In honor of the Department of Statistics' 50th Anniversary, we are highlighting our outstanding faculty and alumni of the past half-century.
Growing up, Carnegie Mellon Statistics Department alumnus Scott Berry (Ph.D. 94) engaged in dinner table conversation in which his father, renowned statistician Donald Berry, asked questions and raised issues rooted in critical statistical thinking.
“Invariably, when I got to college I found statistics interesting, and was good at it,” Scott said.
Today, he is president of Berry Consultants, which he co-founded with his father in 2000. To devote himself full-time to the new venture, Scott resigned from a tenure track assistant professorship at Texas A&M University. His father, who is a professor in the Dept. of Biostatistics at the University of Texas MD Anderson Cancer Center, works part-time at Berry Consultants.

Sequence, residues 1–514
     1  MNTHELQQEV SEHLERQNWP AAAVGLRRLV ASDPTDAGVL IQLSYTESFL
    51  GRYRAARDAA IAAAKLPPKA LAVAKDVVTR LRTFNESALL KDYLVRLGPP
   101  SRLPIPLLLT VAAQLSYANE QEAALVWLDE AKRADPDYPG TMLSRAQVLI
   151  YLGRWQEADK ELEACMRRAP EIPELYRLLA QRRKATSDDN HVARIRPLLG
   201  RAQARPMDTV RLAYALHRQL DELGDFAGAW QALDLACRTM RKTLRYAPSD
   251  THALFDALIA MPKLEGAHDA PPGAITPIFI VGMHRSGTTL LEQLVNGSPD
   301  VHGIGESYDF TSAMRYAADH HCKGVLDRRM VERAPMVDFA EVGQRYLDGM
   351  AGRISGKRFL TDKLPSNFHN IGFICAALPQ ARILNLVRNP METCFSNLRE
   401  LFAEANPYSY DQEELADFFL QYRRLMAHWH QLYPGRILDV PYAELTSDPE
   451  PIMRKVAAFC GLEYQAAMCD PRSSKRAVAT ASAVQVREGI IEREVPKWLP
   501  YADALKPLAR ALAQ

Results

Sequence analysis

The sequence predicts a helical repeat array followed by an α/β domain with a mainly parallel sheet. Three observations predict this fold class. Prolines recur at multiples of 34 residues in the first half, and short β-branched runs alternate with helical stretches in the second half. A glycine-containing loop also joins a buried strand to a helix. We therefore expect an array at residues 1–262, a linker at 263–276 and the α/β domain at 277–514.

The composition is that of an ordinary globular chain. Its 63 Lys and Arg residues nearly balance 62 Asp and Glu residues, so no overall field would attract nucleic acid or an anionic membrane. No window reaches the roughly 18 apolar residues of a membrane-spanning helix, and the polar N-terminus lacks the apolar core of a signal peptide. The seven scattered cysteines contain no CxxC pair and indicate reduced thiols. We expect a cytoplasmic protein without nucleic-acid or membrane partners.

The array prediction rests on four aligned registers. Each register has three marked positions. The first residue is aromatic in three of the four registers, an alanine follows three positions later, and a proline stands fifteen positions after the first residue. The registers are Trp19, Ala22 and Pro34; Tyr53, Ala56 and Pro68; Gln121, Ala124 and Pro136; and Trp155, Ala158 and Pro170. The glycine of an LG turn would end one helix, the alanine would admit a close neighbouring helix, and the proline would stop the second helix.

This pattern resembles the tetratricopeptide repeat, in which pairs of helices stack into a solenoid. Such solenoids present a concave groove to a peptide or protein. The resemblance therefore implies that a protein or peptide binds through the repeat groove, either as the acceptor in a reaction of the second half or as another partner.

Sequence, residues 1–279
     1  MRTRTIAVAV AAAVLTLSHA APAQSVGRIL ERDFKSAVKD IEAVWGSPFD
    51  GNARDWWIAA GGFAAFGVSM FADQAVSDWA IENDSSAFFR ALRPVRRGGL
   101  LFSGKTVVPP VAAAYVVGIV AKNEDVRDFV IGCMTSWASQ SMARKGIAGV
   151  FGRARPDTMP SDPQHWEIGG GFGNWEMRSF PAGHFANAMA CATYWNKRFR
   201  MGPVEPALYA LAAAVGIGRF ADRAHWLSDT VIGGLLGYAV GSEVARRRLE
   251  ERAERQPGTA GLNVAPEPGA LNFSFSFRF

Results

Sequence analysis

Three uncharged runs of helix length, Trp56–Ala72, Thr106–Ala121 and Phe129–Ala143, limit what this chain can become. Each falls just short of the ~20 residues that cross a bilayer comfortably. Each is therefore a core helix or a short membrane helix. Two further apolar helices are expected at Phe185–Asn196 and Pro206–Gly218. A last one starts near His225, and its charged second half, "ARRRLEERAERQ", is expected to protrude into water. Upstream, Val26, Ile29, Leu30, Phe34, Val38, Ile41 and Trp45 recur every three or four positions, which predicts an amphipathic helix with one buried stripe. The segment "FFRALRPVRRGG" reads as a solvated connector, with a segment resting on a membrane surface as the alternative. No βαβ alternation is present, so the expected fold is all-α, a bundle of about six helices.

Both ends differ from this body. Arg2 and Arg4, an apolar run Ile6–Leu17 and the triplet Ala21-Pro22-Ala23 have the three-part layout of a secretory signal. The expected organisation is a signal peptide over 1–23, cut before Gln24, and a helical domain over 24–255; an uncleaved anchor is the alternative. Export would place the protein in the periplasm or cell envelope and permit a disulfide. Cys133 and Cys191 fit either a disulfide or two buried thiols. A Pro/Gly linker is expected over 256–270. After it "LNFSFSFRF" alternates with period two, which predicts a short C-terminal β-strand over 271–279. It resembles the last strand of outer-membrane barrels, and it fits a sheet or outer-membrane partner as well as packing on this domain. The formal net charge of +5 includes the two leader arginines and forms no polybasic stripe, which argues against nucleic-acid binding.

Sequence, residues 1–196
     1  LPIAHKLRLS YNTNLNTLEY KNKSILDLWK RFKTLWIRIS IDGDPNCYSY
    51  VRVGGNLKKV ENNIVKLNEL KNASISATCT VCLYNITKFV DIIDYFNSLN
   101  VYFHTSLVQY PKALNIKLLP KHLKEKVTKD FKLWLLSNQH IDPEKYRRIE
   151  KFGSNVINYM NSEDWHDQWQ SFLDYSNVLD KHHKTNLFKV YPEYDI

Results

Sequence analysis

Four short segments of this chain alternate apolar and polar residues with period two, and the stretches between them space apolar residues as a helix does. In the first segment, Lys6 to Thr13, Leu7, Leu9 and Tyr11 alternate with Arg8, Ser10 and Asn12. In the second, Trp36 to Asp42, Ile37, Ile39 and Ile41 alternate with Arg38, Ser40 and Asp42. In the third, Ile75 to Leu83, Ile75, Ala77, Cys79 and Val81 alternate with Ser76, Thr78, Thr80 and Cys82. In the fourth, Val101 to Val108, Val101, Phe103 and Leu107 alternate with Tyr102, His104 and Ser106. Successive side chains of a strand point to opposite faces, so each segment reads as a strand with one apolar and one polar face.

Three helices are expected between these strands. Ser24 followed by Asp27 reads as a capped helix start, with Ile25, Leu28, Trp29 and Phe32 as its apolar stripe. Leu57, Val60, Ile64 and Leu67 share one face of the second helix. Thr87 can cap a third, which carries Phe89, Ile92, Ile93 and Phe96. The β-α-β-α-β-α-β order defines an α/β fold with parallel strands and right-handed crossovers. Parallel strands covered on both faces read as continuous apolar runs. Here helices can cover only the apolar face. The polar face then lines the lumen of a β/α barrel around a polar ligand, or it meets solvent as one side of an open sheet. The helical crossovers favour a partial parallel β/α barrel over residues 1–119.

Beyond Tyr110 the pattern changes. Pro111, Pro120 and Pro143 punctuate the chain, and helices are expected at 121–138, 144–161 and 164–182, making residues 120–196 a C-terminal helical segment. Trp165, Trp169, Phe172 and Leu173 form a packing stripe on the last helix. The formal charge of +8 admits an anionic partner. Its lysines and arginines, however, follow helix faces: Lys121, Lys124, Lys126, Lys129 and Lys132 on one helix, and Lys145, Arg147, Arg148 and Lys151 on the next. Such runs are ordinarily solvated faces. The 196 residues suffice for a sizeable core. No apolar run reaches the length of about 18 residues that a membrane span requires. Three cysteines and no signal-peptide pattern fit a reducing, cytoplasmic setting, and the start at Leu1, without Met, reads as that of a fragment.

Professor Jay Kadane was Scott’s advisor at Carnegie Mellon, and his father’s co-advisor at Yale. “I’m pleased to report that never once, in working with Scott, did I compare the two,” Jay said.
Headquartered in Austin, Texas, Berry Consultants is a statistical consulting company specializing in Bayesian statistics, an approach that is radically changing the way research is done throughout the medical industry in both device and drug development. “The world of biostatistics and clinical trials is very traditional with many established standard approaches, not because they are great, but because they are, well, standard. In the beginning, we were entering this very traditional world and doing very Bayesian things. “We had a great deal of success as more and more clients wanted to do innovative things,” Scott said.